I wonder if you have ever heard our British friends say, "Children should be seen but not heard." Sometimes, when I have the chance to hear artists speak about their work, I feel that the same rule applies to them: "Artists, preferably, should be seen but not heard." I have spoken with a number of very good artists who, to put it mildly, were tongue-tied, but it didn't at all affect my appreciation of their work. On the other hand, I have encountered artists who were so verbose that instead of giving me insight into their work they lost me in the sea of their words.
However, there is an exception to every rule. On occasion, I meet a good artist whose work I find appealing and who, on top of that, turns out to be an engaging and even provocative speaker. Today I want to tell you about three artists I know who belong to this rare group.
Let's start with Douglas Kirkland who, for the last 50 years, has had the good luck to photograph the "Who's Who" of Hollywood. One of his first assignments was a photo session with a young Elizabeth Taylor. And, shortly after that -- lucky devil -- he was aiming his camera at a virtually naked Marilyn Monroe, wrapped only in a silk sheet. When you see the resulting photos in his recently published book, With Marilyn: An Evening 1961, you cannot help but melt into the dreamy images of this most beautiful and most vulnerable of American icons. But, boy, when Douglas tells you stories about all his glamorous photo shoots, that's when you really start to drool.
Last week, I met another great storyteller, the Israeli-born artist Ofri Cnaani, who spoke with particular eloquence at the opening of her exhibition at USC's Fisher Museum of Art. There, in a darkened gallery, you find yourself immersed in her video installation, projected on all four walls. The work is inspired by a Talmudic story about two sisters, one of whom is suspected of infidelity.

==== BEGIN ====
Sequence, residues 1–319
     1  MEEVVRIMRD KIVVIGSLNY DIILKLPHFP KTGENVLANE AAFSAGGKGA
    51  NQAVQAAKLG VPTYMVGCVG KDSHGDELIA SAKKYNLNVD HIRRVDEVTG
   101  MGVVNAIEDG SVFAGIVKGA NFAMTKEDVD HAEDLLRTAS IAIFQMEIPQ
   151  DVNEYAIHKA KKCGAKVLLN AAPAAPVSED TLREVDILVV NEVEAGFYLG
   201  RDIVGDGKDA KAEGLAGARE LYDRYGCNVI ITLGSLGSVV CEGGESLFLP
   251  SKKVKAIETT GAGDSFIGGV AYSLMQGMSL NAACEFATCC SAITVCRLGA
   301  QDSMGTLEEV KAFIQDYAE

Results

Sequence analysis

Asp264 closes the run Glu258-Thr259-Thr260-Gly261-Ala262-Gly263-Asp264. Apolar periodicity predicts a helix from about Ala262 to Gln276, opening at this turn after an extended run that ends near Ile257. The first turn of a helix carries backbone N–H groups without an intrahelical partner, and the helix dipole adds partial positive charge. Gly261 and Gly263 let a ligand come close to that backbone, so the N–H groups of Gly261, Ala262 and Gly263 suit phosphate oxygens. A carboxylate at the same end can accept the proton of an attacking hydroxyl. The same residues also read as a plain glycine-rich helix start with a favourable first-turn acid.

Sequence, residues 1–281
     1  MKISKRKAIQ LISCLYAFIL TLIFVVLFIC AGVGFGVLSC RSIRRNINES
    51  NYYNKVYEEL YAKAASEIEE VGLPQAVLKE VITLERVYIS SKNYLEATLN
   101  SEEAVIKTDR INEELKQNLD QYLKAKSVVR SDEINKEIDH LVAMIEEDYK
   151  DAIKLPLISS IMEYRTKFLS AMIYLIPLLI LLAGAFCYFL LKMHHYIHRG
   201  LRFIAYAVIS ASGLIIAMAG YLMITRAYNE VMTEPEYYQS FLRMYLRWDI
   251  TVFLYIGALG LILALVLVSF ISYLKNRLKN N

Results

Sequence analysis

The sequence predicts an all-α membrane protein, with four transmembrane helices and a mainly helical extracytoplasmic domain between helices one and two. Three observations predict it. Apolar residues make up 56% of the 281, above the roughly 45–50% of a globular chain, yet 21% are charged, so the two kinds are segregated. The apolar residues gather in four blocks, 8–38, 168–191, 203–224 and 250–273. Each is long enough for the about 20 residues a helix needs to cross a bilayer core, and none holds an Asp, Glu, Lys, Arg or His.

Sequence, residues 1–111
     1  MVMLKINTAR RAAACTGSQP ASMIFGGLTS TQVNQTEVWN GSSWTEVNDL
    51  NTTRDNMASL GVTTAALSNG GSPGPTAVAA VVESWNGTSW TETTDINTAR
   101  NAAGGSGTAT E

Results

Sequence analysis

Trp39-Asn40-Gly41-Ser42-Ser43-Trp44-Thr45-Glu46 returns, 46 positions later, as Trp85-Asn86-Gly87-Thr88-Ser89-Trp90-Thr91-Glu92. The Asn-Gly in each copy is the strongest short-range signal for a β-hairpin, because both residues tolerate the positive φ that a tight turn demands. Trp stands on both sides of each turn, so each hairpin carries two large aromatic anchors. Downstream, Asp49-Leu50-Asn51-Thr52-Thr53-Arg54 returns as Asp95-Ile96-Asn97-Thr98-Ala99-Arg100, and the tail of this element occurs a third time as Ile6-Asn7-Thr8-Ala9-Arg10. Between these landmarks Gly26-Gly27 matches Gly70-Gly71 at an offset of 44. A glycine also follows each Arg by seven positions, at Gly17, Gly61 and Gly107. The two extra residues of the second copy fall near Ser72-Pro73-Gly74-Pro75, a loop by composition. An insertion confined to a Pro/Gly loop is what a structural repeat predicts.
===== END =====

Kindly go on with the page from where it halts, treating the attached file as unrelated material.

Her husband takes her to a temple where she is supposed to prove her virtue by drinking the bitter water. If she is innocent, it will not harm her, but if she is indeed guilty, then her womb will literally explode. If you want to learn the rest of this dark tale and to be surprised by Ofri's very contemporary interpretation of this ancient fable, then jump in your car and head to USC before the show closes on December 1.
Last year, when I found myself wandering through the visual jungle of MOCA's Art in the Streets, the work of one particular artist stopped me in my tracks. I had never heard his name before but I was struck by his graffiti-inspired paintings, with their references to the art of calligraphy and Egyptian hieroglyphs. His work had an unusual combination of exuberance and discipline. Refinement is not usually the first word that comes to mind when one encounters street art, but in the case of RETNA, that is exactly the feeling that stays with you long after experiencing his work. And when at last I had the chance to meet the artist at his current show at Michael Kohn Gallery, he definitely proved himself to be one of those rare exceptions to my aforementioned rule. Talking about his art and life, RETNA was so charismatic, so engaging that he reminded me of another old saying: here is a man who could charm the birds out of the trees.
Ofri Cnaani: The Sota Project at the USC Fisher Museum of Art
Runs through Saturday, December 1, 2012
RETNA, New Paintings and Works on Paper at the Michael Kohn Gallery
Runs through October 27, 2012
Edward Goldman is an art critic and the host of Art Talk, a program on art and culture for NPR affiliate KCRW 89.9 FM. To listen to the complete show and hear Edward's charming Russian accent, click here.
Banner Image: Marilyn Monroe and Douglas Kirkland. Photograph © Douglas Kirkland.